Monthly Meditations: August 2019 Issue
Monthly Meditations is a series that I started in order to catalogue my thoughts on various subjects. I write and share these with somewhat of a consistent schedule on LinkedIn. I decided that it would be a good idea to put all of these thoughts in one place. That way, you don’t have to consume more information on social media (hats off to you), and you can catch up in one sitting over a nice cup of coffee. I try to encourage engagement and discussions on these topics, so feel free to comment on LinkedIn, in these monthly entries, or reach out to me personally. Enjoy!
Your goal is a compass, but your feet move you forward. Look to your goal for guidance and inspiration. But focus on your actions and developing the right skills to progress.
Shift your awareness towards:
- Your strengths
- What’s in your control
- What you CAN do today
- The one or two vital behaviours that lead to the outcome
Getting caught up in the dream doesn’t get you to the dream. Only action does.
Is it short-term reward at the expense of long-term gain?
Anything worthwhile is going to take awareness, effort, and time. Whether that’s in nutrition, exercise, relationships, or business. If we’re looking for a shortcut, we’re missing the point.
If it doesn’t challenge us, it doesn’t change us.
That means that things won’t get easier, but things only get more rewarding. You may be exhausted after the run, but you’ll have a great sense of pride and accomplishment.
We only regret not doing the thing, or quitting too soon.
“What’s dangerous is not to evolve.” - Jeff Bezos
Break your problems down into their tangible properties.
We often create a lot of extra unease and anxiety by keeping our problems vague. Shining the light on what they are really made of helps us to start finding solutions.
“I have so many emails” becomes, “I really have 10 emails which will take only about 15 minutes to get to.”
“I don’t have time to cook breakfast” becomes, “I actually have 10 minutes every morning to make something quick and easy.”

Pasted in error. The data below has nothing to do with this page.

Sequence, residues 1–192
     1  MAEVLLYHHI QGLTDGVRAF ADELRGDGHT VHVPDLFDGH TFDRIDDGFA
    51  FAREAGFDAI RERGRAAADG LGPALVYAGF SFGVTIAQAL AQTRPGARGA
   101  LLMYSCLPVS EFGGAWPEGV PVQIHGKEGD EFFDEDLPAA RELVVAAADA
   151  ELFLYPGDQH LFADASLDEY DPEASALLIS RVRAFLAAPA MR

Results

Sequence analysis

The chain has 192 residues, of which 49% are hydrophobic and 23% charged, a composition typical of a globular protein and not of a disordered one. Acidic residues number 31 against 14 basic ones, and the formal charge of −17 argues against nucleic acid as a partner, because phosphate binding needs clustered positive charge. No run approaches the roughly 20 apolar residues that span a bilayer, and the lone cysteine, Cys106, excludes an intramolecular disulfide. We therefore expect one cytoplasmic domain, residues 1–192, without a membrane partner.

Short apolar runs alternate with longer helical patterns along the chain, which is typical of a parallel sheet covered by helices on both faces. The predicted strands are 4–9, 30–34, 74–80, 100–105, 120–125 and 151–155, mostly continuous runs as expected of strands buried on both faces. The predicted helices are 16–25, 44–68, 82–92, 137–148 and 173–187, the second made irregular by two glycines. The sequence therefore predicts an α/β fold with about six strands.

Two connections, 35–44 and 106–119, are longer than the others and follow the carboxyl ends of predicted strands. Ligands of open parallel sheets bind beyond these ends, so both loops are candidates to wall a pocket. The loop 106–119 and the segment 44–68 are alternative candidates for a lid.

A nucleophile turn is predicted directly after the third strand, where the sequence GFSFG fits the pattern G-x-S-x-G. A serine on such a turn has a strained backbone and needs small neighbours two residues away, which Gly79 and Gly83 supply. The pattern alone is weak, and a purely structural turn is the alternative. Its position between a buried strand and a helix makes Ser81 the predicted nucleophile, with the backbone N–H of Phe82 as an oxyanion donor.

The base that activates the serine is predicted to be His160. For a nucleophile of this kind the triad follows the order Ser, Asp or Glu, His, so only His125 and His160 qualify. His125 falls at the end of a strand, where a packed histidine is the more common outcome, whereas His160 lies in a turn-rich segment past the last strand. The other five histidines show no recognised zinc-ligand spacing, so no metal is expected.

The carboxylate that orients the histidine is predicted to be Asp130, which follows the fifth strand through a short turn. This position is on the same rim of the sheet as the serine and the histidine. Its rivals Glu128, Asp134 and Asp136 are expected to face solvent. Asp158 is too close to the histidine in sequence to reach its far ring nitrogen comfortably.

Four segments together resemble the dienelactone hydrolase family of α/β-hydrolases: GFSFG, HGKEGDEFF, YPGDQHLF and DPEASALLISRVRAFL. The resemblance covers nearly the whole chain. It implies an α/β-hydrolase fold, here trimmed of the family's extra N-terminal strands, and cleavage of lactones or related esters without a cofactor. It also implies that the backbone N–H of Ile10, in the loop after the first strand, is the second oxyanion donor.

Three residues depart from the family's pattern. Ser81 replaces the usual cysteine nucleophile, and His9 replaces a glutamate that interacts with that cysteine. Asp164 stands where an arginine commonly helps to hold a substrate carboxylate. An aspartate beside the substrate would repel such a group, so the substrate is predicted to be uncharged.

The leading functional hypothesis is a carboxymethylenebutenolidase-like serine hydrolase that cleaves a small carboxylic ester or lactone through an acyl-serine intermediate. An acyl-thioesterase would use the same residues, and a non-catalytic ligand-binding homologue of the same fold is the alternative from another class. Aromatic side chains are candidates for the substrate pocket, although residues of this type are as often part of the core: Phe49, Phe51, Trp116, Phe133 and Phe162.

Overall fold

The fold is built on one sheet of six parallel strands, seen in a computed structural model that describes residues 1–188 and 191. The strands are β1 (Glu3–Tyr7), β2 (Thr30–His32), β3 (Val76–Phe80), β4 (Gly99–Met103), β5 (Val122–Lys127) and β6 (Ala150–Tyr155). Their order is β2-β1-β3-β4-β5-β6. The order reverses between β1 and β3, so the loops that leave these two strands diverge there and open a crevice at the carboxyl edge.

“My days are too sporadic to make exercise consistent in my daily routine,” becomes, “It’s actually my evenings that are crazy. In the morning, and lunch hour I have a lot more flexibility.”
Whatever your problems are, highlight them for what they really are so you can take ownership over them.
This applies to any endeavour.
“I know” shuts up our Beginner’s Mind, and allows the ego to feel safe.
It deflects the issue at hand to something different - something other than what’s in our direct control. We fall for the Self-serving Bias. It can’t be us. It has to be something else, right?
What’s odd is that we voice our concerns and seek advice, yet our first response to any help is, “I know.” Beginner’s Mind is the antithesis to I Know.
We view everything with fresh, curious eyes. We take action. We are consistent. We do. There are no preconceived notions. Everything is a lesson, and an opportunity for growth. We stretch our circle of competency.
Standardize before you optimize.
Put your “I knows” to the side, take action, gather feedback, and watch yourself grow faster than you imagined.
An observed marketing tactic: Create an anxiety. Then create the solution.
This aids a feeling and belief we have, and helps create an implicit confirmation of our values. “Hey, I am busy. I am important. I shouldn’t have to worry about this.”
Let’s take cooking for example. Cooking should not be viewed as all-or-nothing. That is to say, we uberly skip dishes or we eat amazingly crafted meals made by elite chefs. Or we just watch the skills on tv.
We can all cook.
Challenge for you this weekend: Cook a meal for a friend(s) or family.
“Tell me what you value and I might believe you. But show me your calendar and your bank statement, and I’ll show you what you really value.” - Peter Drucker
We overvalue what we can lose while undervaluing what we may gain.
Daniel Gilbert is a psychologist who studies happiness, and has concluded that we are awful at predicting our own likes and dislikes.
He has shown that people predict they would be much happier with an extra $30,000 in income each year, rather than from adding in a 30 minute walk each day.
But his results from his research actually showed that people don’t gain as much happiness from the added income than from what the daily walks provides.
The point I see is not that added exercise is more beneficial to our mental and emotional health than money is. Rather, it is that we need to learn through experience.
Being inherently bad predictors is tough enough. But to add in over-rationalizing tendencies, and make snap judgements on potential future outcomes doesn’t help the cause either.
Take the leap. Try novel things. Make moments. We are designed to experience.
Thank you for reading my article. I hope you found it helpful or at least thought-provoking. If this post did help you, consider sharing it with someone you think it would help too.